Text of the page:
“We’ll be looking at cutting that in half at the end of the year if something doesn’t change –– as will several other companies,” Blain said.
Blain Companies is upgrading U.S. 61 in Jefferson County to a four-lane highway with a completion date of April 2005. He told the Ledger that project could be extended a couple of months without negatively impacting the public because it is new road.
“It would be better than laying off people,” Blain said. “If we don’t do something, we’ll have more people leaving construction jobs than Nissan employed.” Nissan has approximately 5,500 employees.
Blain also fears the road construction industry will lose its most skilled laborers.
“They will find another job and we’ll end up with a huge unskilled work force when it does pick back up,” Blain said.
But David Trevathan, president of Key Constructors Inc. of Madison, told the Ledger he does not favor extending contracts to avoid layoffs. His firm is working on several major construction projects around the metro area, including a Nissan interchange in Madison County.
A slower workweek would leave expensive equipment sitting idle, he said.
“You can’t string a job out like that. There’s too much overhead and fixed costs,” Trevathan said. “We’re under pressure now to get the job done. You extend the contract and the public is going to be more unhappy.”
Construction workers Charles Gains of Jackson and Timothy Ford of Carthage, working on the $58.8 million improvements at The Stack at I-55 and I-20, weren’t impressed with the idea either. Both work for Superior Asphalt of Byram.
“We can just make it on five days a week; go back to four and it would hurt us,” Gains, a supervisor, told the Ledger.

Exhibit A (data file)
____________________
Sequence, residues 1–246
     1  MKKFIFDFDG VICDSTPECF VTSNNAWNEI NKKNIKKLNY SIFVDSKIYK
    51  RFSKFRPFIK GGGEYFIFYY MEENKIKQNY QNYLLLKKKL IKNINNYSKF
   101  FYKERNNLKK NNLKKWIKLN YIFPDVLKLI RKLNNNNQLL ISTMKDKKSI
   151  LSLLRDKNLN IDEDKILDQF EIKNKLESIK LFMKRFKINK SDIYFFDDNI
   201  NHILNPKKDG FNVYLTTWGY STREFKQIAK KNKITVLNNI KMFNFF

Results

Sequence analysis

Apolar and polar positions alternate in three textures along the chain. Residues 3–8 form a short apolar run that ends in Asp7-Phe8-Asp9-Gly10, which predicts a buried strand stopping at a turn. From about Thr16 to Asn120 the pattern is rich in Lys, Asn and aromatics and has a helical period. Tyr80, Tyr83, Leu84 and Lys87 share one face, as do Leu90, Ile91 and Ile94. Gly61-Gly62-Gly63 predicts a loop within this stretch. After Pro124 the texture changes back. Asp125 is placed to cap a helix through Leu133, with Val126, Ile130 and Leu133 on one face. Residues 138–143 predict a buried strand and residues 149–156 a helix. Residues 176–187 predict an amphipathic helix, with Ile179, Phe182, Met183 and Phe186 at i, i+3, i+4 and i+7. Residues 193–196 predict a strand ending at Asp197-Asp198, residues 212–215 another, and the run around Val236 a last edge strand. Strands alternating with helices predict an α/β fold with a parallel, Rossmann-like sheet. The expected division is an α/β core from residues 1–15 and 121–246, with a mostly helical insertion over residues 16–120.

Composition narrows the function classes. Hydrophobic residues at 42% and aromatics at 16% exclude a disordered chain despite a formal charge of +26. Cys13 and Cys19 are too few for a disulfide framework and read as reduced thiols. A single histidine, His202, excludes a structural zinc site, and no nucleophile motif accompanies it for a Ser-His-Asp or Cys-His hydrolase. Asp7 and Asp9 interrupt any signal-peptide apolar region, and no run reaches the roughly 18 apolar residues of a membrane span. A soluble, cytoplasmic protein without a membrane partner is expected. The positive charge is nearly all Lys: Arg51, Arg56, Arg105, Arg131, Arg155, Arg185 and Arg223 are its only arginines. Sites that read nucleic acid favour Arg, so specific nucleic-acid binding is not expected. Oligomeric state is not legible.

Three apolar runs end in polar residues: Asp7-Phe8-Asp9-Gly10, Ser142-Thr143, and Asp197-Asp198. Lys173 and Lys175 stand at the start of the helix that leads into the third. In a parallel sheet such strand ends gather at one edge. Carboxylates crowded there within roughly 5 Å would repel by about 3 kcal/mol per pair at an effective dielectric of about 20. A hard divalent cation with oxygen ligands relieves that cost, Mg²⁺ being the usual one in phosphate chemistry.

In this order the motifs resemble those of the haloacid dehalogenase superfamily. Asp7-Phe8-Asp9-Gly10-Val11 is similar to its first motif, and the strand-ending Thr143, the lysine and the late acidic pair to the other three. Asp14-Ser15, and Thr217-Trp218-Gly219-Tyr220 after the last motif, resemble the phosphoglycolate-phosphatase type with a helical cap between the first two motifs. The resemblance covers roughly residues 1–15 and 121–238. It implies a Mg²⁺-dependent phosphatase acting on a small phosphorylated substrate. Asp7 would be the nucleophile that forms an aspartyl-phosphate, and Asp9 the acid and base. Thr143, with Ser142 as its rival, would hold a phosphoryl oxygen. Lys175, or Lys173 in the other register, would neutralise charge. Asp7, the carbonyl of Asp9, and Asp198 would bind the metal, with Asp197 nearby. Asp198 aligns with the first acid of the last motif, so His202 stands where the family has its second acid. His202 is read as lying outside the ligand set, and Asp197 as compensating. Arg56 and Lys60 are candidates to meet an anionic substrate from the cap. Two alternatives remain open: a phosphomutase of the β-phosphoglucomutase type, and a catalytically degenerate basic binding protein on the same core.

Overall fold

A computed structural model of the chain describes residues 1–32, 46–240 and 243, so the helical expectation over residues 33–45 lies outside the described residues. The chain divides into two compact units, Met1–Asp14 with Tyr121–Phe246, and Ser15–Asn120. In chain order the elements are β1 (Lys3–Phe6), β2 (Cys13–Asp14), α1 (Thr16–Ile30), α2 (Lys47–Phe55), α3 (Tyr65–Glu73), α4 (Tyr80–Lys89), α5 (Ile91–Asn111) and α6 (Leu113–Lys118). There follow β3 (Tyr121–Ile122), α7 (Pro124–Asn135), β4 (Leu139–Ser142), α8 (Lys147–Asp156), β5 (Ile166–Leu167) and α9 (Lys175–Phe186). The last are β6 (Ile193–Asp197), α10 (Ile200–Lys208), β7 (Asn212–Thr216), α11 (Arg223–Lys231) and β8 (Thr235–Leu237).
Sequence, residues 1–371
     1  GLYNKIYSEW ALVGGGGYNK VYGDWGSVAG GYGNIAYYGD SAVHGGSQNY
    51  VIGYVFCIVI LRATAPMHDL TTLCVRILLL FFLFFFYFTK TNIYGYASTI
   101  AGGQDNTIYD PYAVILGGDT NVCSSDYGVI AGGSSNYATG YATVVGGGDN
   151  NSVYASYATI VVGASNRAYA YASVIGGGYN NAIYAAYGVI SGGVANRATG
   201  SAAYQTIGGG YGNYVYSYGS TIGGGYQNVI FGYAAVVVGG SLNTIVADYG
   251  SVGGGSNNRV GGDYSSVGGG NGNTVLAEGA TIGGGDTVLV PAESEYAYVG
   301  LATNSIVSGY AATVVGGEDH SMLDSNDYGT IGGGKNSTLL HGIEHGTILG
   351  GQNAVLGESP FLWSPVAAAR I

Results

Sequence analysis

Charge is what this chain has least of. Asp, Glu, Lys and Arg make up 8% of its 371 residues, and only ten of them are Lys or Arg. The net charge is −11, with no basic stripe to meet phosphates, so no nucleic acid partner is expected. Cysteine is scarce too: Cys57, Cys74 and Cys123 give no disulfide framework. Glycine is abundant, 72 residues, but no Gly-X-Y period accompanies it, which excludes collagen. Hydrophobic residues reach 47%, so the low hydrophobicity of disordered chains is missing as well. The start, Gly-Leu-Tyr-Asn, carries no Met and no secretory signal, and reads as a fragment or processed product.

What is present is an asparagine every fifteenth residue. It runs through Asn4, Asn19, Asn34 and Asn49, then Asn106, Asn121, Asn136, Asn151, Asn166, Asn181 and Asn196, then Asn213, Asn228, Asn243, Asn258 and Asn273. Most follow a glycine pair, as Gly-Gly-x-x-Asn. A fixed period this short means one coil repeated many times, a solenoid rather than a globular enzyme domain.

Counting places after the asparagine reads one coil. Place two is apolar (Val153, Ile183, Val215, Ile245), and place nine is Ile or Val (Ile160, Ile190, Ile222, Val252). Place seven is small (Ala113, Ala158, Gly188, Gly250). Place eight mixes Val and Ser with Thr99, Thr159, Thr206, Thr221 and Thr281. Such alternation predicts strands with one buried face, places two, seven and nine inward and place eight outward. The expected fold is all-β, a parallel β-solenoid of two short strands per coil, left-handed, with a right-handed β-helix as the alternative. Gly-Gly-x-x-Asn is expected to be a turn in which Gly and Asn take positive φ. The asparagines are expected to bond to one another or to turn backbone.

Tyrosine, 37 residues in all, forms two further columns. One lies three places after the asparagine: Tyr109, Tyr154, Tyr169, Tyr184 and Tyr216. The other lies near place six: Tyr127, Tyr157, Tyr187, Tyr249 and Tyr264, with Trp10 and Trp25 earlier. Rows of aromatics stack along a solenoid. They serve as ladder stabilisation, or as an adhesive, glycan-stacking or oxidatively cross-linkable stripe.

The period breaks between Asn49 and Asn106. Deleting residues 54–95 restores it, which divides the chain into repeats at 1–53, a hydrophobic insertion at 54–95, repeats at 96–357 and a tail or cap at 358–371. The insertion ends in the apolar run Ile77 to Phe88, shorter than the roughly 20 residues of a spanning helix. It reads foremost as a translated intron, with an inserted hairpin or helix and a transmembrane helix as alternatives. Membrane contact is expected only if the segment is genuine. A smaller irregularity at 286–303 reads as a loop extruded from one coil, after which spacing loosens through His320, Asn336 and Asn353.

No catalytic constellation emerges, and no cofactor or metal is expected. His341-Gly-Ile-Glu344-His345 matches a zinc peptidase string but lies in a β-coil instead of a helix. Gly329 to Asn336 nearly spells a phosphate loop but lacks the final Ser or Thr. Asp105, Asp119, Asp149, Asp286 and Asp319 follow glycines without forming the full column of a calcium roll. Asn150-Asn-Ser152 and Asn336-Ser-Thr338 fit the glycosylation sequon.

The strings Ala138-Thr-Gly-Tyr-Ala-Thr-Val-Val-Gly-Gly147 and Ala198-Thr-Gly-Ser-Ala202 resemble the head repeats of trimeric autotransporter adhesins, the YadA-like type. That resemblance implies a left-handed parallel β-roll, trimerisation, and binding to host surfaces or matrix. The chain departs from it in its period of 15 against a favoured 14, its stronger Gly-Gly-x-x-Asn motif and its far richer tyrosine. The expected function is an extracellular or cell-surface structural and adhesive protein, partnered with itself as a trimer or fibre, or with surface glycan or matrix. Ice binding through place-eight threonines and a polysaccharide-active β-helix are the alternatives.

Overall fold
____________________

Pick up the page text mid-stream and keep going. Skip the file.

Deputy Attorney General Mike Landford told the Ledger MDOT has not asked for an opinion.
“I can understand the reasoning behind [the plan], but whether they can do it legally is hard to say,” Landford said.
One problem, the Ledger noted, could be contract incentives to get the job done early and penalties for delays on completion. Not all state road contracts have those built in, but some do.
Barton said the association’s plan would not work for all contractors but would be helpful to some.
Gerald Hill, of Hill Brothers Construction and Engineering of Falkner, the prime contractor on The Stack, told the Ledger that if given the option, he would like to extend work on the project.
But he said he would have to do some research before he could say how long an extension he would propose.
“Why are we working at a hard, fast-paced schedule when we’re running people out of work in the future?” he asked.
The company no longer has extended work hours or overtime and cut back from 625 employees in March to 450, according to the Ledger.
Hill said he believes the estimated 10,000 job loss is low because other industries also will feel the impact. “It’s not just the guy knocking down dirt or laying asphalt ... it’s going to affect fuel purchases, equipment dealers and suppliers,” he said.
MDOT Photo: Contractors who build Mississippi’s highways have proposed extending project deadlines and cutting work hours to avoid or reduce a projected layoff of 10,000 construction jobs because of MDOT budget cuts.